Let $(X,d)$ be a compact metric space.

I would like to prove that if $(f_n)_{n \in \mathbb{N}}$ is a sequence of continuos functions $f_n:X \to Y$ that converge uniformly in $X$, then $(f_n)_{n \in \mathbb{N}}$ is a uniformly equicontinuous family of functions.

I know that if $X$ is compact uniformly equicontinuous is equivalent to equicontinuous. But I don't know how to prove this statement either!

Any help?

  • 1
    $\begingroup$ What assumptions do you have for $Y$? $\endgroup$ – Hans Engler Dec 2 '14 at 4:09
  • $\begingroup$ No more assumptions. $\endgroup$ – Raiden Dec 2 '14 at 4:53
  • $\begingroup$ For the record, it should be assumed that $(Y, d_Y)$ is a metric space otherwise the question technically makes no sense. $\endgroup$ – Matt A Pelto Jun 23 '18 at 6:28

I am assuming that $Y$ is a metric space, whose metric I'm also writing as $d$. I'll also use without proof the fact that a continuous function on a compact metric space is uniformly continuous.

Let $f$ denote the limit of the sequence $(f_n)_{n\in\mathbb{N}}$. Let $\epsilon > 0$ - we wish to find $\delta >0$ so that $d(x,y)<\delta\implies d(f_n (x),f_n (y))<\epsilon$ for all $x,y\in X$ and all $n$.

By uniform convergence of $(f_n)$ to $f$, pick $N$ large enough so that $n>N$ implies $\Vert f-f_n \Vert_\infty<\epsilon /3$.

Now, for each $n\le N$, pick $\delta_n>0$ so that $d(x,y)<\delta_n$ implies $d(f_n(x),f_n (y))<\epsilon$. Additionally, pick $\delta_f>0$ so that $d(x,y)<\delta_f$ implies $d(f(x),f (y))<\epsilon/3$ (possible by the uniform continuity of $f$ which is in part given by the Uniform Limit Theorem).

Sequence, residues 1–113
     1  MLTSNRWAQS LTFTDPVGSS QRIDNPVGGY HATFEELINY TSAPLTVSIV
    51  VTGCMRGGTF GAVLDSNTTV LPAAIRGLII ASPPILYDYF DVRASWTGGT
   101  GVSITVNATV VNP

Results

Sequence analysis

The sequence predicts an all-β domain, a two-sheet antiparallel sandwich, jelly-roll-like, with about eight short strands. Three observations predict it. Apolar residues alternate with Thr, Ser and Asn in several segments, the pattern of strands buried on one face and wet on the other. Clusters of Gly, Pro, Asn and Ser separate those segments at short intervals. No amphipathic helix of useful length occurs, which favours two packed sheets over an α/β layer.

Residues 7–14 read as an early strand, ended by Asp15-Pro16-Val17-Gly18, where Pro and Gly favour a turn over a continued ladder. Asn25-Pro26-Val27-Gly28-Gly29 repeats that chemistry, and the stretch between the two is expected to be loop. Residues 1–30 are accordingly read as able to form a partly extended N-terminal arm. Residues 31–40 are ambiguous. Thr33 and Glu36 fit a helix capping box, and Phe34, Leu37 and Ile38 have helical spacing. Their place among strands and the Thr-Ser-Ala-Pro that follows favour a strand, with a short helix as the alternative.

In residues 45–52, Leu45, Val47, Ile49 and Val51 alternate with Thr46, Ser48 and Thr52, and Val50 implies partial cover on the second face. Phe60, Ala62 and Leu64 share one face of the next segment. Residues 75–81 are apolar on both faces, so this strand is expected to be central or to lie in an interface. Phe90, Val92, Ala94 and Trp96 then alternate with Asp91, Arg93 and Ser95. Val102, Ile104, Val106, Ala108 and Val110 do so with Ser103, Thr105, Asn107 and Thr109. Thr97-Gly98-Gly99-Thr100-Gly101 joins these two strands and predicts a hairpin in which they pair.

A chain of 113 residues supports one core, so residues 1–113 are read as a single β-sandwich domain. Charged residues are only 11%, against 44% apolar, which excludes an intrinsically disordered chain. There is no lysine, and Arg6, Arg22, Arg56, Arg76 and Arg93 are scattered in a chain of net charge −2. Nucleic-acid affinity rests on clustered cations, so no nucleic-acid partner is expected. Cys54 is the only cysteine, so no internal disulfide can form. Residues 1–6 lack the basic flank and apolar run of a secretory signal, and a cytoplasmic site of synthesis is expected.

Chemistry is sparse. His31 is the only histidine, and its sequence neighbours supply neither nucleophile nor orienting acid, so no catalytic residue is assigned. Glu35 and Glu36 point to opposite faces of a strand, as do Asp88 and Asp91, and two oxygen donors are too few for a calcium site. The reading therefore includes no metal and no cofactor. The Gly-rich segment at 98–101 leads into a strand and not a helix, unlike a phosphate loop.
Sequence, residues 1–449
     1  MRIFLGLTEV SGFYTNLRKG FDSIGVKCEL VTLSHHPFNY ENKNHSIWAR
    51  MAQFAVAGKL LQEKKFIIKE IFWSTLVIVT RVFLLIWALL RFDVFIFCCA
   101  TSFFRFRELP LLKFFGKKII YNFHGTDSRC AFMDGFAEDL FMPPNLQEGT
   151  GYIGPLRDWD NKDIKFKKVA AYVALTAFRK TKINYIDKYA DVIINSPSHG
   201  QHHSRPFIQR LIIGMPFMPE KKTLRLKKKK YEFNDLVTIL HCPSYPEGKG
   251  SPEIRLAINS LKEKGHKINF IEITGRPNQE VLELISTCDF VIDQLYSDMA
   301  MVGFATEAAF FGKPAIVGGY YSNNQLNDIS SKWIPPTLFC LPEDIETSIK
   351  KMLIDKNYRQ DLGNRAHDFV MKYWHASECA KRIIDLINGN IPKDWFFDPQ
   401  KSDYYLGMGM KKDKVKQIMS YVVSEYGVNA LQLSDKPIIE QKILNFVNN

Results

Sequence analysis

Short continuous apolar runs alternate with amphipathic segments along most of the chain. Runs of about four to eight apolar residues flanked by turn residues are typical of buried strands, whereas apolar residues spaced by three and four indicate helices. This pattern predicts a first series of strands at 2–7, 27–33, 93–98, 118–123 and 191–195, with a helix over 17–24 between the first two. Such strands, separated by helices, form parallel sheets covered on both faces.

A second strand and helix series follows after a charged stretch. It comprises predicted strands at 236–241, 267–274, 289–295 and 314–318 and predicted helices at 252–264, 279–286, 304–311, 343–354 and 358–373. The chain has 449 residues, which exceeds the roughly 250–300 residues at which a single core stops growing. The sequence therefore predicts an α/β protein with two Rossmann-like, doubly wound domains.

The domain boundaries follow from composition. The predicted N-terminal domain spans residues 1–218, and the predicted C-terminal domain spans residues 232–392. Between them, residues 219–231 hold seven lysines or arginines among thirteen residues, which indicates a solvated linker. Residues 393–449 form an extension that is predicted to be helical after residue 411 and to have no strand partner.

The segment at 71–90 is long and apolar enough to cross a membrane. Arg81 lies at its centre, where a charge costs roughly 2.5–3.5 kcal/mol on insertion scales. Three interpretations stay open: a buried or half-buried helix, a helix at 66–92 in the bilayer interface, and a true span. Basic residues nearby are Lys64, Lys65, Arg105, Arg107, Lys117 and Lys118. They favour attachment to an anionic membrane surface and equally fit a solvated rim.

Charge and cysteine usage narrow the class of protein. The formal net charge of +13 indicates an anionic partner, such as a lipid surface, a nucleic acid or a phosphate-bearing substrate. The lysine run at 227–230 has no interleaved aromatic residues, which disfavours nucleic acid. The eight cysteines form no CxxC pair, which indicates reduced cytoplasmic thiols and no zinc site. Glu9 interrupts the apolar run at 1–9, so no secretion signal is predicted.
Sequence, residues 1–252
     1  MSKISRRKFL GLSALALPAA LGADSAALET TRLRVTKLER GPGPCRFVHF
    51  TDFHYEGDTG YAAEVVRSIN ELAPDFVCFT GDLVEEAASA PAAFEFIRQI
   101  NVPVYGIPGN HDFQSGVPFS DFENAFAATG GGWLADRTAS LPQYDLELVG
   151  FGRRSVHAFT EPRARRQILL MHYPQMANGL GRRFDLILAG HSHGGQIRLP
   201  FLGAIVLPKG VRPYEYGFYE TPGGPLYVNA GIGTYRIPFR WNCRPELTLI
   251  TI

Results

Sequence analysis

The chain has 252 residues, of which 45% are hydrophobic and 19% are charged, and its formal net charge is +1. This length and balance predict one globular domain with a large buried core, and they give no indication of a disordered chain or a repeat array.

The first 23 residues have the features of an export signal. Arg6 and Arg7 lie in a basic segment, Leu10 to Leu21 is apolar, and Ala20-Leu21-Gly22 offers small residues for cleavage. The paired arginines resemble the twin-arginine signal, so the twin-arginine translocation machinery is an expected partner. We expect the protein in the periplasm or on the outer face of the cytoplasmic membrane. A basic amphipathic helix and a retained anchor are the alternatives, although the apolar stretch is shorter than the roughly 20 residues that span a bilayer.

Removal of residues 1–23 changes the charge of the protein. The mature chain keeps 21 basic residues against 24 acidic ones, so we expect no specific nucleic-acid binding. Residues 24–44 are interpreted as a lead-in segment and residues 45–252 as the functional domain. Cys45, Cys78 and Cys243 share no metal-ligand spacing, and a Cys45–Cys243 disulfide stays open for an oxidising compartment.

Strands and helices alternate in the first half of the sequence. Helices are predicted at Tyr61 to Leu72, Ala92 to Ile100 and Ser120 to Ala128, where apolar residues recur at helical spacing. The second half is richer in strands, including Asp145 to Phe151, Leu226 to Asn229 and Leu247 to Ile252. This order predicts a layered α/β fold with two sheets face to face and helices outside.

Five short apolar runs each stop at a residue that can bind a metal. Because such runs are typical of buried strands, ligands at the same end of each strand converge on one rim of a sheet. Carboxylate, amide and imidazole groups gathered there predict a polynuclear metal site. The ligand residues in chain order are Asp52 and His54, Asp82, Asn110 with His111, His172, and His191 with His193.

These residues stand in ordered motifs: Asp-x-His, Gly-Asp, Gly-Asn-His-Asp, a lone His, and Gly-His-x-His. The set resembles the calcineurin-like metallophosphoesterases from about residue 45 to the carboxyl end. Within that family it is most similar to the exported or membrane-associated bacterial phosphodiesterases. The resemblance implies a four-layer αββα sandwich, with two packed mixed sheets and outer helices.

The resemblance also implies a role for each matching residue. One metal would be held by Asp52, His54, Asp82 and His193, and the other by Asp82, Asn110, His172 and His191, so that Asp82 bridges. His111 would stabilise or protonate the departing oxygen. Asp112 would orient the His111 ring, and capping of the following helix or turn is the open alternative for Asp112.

Finally, take $\delta = \min\{\delta _f , \delta_1,\dots ,\delta_N\}>0$ (possible because this is a finite set).

Now let $x,y\in X$ with $d(x,y)<\delta$. For $n\le N$, we are done, because $d(x,y)<\delta\le \delta_n$. Then for $n>N$, we use the triangle inequality: $$d(f_n(x),f_n(y))\le d(f_n(x),f(x))+d(f(x),f(y))+d(f(y),f_n(y))\\ <\frac{\epsilon}{3}+\frac{\epsilon}{3}+\frac{\epsilon}{3}=\epsilon$$ and we're done.


Let $(X,d_X)$ be a compact metric space and let $(Y, d_Y)$ be a metric space. Suppose that $\{f_n\}_{n=1}^\infty$ is a sequence of continuous functions on $X$ with values in $Y$, and suppose $f_n \to f$ uniformly on $X$. Let $\varepsilon>0$ be given. By the definition of uniform convergence, we know there exists $N \in \mathbb{N}$ so that \begin{equation} \sup_{x \in X} \,d_Y\left(\,f_n(x),f(x)\right)<\frac{\varepsilon}{6} \text{ whenever } n \geq N. \end{equation} Since a $(d_X, d_Y)$-continuous function will be uniformly continuous on the compact metric space $(X,d_X)$, we know there exists $\delta_N>0$ so that \begin{equation} d_Y\left(\,f_N(x),f_N(y)\right)<\frac{\varepsilon}{3} \text{ whenever } d_X(x,y)<\delta_N \text{ and } x,y \in X. \end{equation} Hence we have shown that \begin{align} \ \,d_Y\left(\,f(x),f(y)\right) & \leq d_Y\left(\,f(x),f_N(x)\right)+d_Y\left(\,f_N(x),f_N(y)\right)+d_Y\left(\,f_N(y),f(y)\right) \\& < \frac{\varepsilon}{6}+\frac{\varepsilon}{3}+\frac{\varepsilon}{6}=\frac{4\varepsilon}{6} \; \text{ whenever } d_X(x,y)<\delta_N \text{ and } x,y \in X. \end{align}

Notice we have now shown that if $x,y \in X$, $d_X(x,y)<\delta_N$, and $n \geq N$, then \begin{align} \ \,d_Y\left(\,f_n(x),f_n(y)\right) & \leq d_Y\left(\,f_n(x),f(x)\right)+d_Y\left(\,f(x),f(y)\right)+d_Y\left(\,f(y),f_n(y)\right) \\& < \varepsilon. \end{align} Since every function in the finite collection $\{ f_1, \ldots, f_{N-1}\}$ is uniformly continuous on $X$, we know that for $k=1,\ldots, N-1$ there exists a number $\delta_k>0$ so that \begin{equation} d_Y\left(\,f_k(x),f_k(y)\right)<\varepsilon \; \text{ whenever } d_X(x,y)<\delta_k \text{ and } x,y \in X. \end{equation} Setting $\delta = \min \{\delta_1, \ldots, \delta_{N-1}, \delta_N \}$ shows that the collection of functions $\{f_n: n \in \mathbb{N}\}$ satisfies the definition of a uniformly equicontinuous family on $X$.


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